Being a Christian in the Workplace

“What does being a Christian look like at work?”

I’m a little troubled to realise I’ve been full time work for 26 years – how did that happen? I’ve been in retail & direct sales, recruitment and employee relations, fraud prevention and leadership coaching – an odd assortment with a few changes of direction. These are some things I’ve learned along the way…

  • Be yourself

It might sound obvious, but I haven’t always done it, especially when I was younger. There’s no point in being a parody of someone else. If you are going to have influence at work it will be because people like and respect you. There may be aspects of your personality that you wish were different – more confident, less gobby, less sensitive, more understanding. People relate to real people. We are all flawed, don’t use it as an excuse to not represent Jesus.

  • Let people know

I find it really helpful to let people know I’m a Christian early days. I don’t mean that my introduction is “Hi, I’m Stuart and I’m a Christian”. But more, in the Monday morning chat about what folks did at the weekend, I’d mention that I’d been at church or community and that I’d enjoyed it and why. I’ve found it helpful and I think my colleagues did as well that early on they knew that about me. I then had to live up to it and my colleagues found me a person they could confide in and trust.

  • Don’t judge

Every so often conversations at work will get onto ground where our morals come to the fore. In the Bible people come to Jesus first and then Holy Spirit changes their lives. So, I don’t put people down for having very different morals to me, I simply say what I do and why.

  • Get out more

Go out with work colleagues, get to know them, enjoy their company, become friends.  Two of my closest friends now are people I worked with years ago. Over the years we have supported each other through bereavements, health issues, wedding celebrations and sadly for one a divorce. They’ve been to church, are really respectful of my faith but one remains agnostic and the other an ardent atheist. My life is better because they are my friends and they are both more appreciative of God and faith because of our friendship.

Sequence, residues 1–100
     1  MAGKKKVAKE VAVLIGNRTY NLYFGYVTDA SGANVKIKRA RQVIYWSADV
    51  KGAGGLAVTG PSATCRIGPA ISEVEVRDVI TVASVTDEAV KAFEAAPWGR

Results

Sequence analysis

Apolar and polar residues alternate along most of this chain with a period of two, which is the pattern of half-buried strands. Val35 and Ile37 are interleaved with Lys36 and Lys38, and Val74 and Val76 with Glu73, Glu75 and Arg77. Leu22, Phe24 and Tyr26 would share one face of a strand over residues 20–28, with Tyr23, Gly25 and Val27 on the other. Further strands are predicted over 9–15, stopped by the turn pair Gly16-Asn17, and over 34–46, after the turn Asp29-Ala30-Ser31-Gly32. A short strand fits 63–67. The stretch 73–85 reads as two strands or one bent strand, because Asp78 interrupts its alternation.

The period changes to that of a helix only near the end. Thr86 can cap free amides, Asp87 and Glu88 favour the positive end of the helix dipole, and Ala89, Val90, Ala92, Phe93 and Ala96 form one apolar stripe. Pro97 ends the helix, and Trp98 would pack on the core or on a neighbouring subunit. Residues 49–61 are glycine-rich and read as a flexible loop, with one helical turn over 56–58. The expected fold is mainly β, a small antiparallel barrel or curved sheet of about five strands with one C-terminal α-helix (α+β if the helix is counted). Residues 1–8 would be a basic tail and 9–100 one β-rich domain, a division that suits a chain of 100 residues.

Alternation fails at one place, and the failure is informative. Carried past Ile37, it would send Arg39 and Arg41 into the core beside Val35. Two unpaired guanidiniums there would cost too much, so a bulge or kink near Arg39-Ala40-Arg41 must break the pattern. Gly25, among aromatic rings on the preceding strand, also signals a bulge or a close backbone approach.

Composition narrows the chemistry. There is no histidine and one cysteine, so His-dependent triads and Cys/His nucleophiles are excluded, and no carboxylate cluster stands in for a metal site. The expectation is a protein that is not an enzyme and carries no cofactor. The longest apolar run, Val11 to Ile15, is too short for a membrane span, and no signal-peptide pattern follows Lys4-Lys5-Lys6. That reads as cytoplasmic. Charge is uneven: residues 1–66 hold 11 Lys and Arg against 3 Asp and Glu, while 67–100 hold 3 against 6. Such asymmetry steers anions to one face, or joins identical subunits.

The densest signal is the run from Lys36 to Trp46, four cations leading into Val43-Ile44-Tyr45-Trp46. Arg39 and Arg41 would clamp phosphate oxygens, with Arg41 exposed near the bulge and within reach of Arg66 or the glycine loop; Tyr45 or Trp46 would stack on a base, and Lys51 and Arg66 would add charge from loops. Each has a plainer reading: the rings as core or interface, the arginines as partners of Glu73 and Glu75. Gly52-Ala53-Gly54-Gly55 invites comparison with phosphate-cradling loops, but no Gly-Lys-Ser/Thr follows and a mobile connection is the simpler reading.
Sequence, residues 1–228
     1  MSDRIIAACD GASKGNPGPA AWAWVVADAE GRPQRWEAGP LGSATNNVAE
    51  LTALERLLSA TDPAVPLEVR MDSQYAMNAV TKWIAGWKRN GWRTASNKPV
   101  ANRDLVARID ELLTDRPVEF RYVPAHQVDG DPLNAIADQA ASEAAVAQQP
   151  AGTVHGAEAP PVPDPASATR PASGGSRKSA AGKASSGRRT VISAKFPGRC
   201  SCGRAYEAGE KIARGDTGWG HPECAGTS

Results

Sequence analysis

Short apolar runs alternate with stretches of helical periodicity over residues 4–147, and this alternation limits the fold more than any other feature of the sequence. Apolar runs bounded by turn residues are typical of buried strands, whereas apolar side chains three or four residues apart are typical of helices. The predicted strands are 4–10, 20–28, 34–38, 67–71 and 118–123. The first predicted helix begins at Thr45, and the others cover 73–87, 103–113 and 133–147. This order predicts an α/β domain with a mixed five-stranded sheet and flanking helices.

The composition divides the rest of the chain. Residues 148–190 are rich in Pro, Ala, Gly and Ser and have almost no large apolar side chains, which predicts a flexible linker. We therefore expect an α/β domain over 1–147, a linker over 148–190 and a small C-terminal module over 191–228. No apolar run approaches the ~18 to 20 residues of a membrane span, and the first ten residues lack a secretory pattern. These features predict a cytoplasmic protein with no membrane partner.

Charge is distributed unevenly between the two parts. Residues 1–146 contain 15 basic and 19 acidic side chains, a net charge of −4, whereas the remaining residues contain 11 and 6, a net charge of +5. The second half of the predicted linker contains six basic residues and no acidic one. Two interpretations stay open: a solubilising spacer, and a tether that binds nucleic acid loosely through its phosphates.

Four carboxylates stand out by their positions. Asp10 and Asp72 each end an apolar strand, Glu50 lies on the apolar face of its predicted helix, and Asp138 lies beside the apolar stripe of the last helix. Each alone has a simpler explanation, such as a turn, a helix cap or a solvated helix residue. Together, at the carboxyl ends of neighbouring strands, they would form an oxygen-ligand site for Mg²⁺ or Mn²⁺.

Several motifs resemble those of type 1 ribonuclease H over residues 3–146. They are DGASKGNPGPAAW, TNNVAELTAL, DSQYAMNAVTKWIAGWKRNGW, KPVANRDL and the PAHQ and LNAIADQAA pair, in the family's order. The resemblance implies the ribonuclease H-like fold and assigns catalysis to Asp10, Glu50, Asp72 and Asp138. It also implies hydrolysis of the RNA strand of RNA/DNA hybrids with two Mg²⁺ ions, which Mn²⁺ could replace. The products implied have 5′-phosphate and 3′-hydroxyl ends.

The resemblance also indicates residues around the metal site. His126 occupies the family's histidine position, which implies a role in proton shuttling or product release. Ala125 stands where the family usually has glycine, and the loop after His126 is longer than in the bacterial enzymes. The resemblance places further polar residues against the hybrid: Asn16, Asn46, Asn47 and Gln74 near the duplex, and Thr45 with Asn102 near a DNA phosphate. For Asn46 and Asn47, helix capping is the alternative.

• Be content with sharing a little

In the workplace you very rarely (if ever) get to explain the whole Jesus story from start to finish. Your conversations are unlikely to last that long, because, well there’s work to be done. I find that I only get to share a few sentences at that time. I’ve learned to be content with that and trust that God has the bigger picture. I’ve also learned to be ready. If I only get to share the gospel a few sentences at a time then as 1 Peter 3:15 says I wanted to be ready with something authentic and clear.

  • Pray

Yes, we pray for our work colleagues to come to know Jesus, but also… there will be times when colleagues are going through something difficult. I tell people I will pray for them and occasionally I’ll also ask them what they would like me to pray for them. I’ve been able to celebrate answered prayers with colleagues. One answer was a boss’s spouse’s cancer going into remission and that was part of a return to Jesus for my boss. Amazing!

  • Bring the kingdom

You will occasionally get to share something of the gospel in conversation. And you always get to share the gospel with how you act. Bring the kingdom to work. Live out fairness, integrity, love, forgiveness, grace, inclusiveness. Celebrate good when you see it. If the office conversation that day is speaking ill of someone behind their back, don’t just stop at not getting involved. Be the voice of positivity, say what you appreciate about them – others will follow. If you are managing others and you have a difficult conversation to hold or have to take someone through performance improvement, do it with compassion. Yes, you have to be more vulnerable and yes, that will be harder for you. But it brings Jesus kingdom to those difficult situations.